Tag Archives: Keith Flynn

Little white lies

Kyle Midura, able Statehouse reporter for WCAX-TV, has got himself a scoop.

We’re learning more about the true cost of Governor Peter Shumlin’s trip to Paris in December, a cost the administration sought to hide.

A court sided with WCAX News, forcing the governor’s office to release documents showing the tab amounted to four times what Vermonters were told.

The administration, citing security concerns, had rejected Midura’s request for cost information about the Governor’s trip to a global climate summit. The court rightly found the administration’s reasoning to be transparently specious bullcrap inadequate.

The dollar amounts are tiny. Shumlin had said the public outlay amounted to $1,200. The newly released documents show the true cost was at least $4,000.

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Moral panic from the Guardians of the Peace

Some of Vermont’s top cops made their way to the Statehouse yesterday to try to derail
the marijuana-legalization train. Their input is certainly worth considering, but they kinda made a hash of it.

Their reasoning, in short:

— Eliminating the marijuana law will create substantially more work for law enforcement.

— Police don’t really enforce marijuana laws now, but legalization will trigger a cascade of problems.

— Law enforcement’s top priority is opioids, and legalizing marijuana will somehow compromise that effort.

Makes my head spin. Without a single toke, even.

The top cops’ bottom line: If you legalize pot, you’d better give us more money.

Pardon me if I don’t see the connection.

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Here’s an idea: Lock up the social workers

Is it just me, or is this the early front-runner for Worst Legislative Proposal of the 2015 Session?

Anyone who cares for but fails to prevent harm to a child could be charged with a felony and face up to 10 years in prison under a new crime created as part of a long-awaited child protection bill unveiled Wednesday.

…The penalty for failure to protect a child would be up to 10 years in prison or a fine of up to $20,000.

This proposal is part of a bill to impose “sweeping changes in the state’s child protection system. And maybe the rest of the package makes sense. But that?

We have a child protection system that’s understaffed, underfunded, and poorly organized, according to not one, but three separate studies of the Department for Children and Families, all carried out last year after the deaths of two young children under state supervision.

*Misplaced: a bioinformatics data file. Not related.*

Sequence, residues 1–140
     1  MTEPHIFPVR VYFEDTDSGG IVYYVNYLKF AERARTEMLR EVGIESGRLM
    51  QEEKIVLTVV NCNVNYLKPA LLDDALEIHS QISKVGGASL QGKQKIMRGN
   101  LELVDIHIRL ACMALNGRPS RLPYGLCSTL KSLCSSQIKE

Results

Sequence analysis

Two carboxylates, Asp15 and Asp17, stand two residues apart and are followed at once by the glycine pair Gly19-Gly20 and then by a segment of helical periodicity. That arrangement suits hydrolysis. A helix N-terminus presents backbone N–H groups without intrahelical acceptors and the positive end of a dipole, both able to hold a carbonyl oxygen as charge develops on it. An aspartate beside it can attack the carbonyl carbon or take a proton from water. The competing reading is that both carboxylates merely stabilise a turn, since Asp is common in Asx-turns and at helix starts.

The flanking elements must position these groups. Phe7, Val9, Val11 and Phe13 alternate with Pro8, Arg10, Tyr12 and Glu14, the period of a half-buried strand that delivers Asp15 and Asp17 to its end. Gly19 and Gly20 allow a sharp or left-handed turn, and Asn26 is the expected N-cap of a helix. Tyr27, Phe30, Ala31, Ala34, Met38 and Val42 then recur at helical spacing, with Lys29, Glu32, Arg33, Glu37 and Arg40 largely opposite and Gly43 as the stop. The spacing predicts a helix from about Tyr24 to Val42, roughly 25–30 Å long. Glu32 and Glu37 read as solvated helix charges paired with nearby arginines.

So we know that social workers are overworked and inadequately trained. And our response is to hang the Sword of Damocles over their heads?

Honestly, if I were a social worker, there’s no way in Hell I’d work for the state of Vermont if the threat of a felony conviction and incarceration were hanging over my head.

But that’s not the only problem with the “lock ’em up” solution to DCF’s problems.

The crime of “failure to protect a child” is vaguely defined: it’s when someone knows or “reasonably should have known” that a child is in danger. Public Safety Commissioner Keith Flynn “said the new crime would likely be difficult to prosecute.”

No kiddin’.

The bill would not just apply to social workers, but to anyone having “custody, charge or care of a child.” Like, for example, babysitters.

Well, in the real world the chances of a babysitter facing a felony charge are probably remote. But why open that door with such a broadly-worded statute?

Speaking of broadly-worded:

Drug crimes include exposure to unlawful possession of a list of drugs, including narcotics and two or more ounces of marijuana.

Okay, you’re telling me that anyone with “custody, charge or care of a child” should be expected to know if that child’s parent has a couple ounces of weed stashed in a kitchen cupboard?

Dick.

Dick.

The “brains” behind this awful bill is Sen. Dick Sears, who seems to believe that the threat of prison will help social workers more than, say, adequate staffing and support.

“If there are kids who need protection and this system leads to protecting kids, what’s the problem?” he said.

Hmmmm. Maybe he’s got a point. But if we’re going to apply it to social workers, why not to DCF administrators who oversee a flawed system? If poor training and high caseloads led to a social worker’s mistake, shouldn’t they be held responsible?

How about the folks who made such a pig’s breakfast of Vermont Health Connect? Or the economists who spun out the overly-optimistic forecasts that left our state in a $100 million budget hole? Or maybe a Governor who dumps his signature initiative after vowing action through three election cycles?

Or lawmakers who know, or “reasonably should have known,” that they were passing budgets that starved DCF of the resources necessary to protect children?

“If there are kids who need protection and this system leads to protecting kids, what’s the problem?” he said.

You’re right. What’s the problem?

Felony crime, ten years in the slammer. What’s good for the goose is good for the gander, right?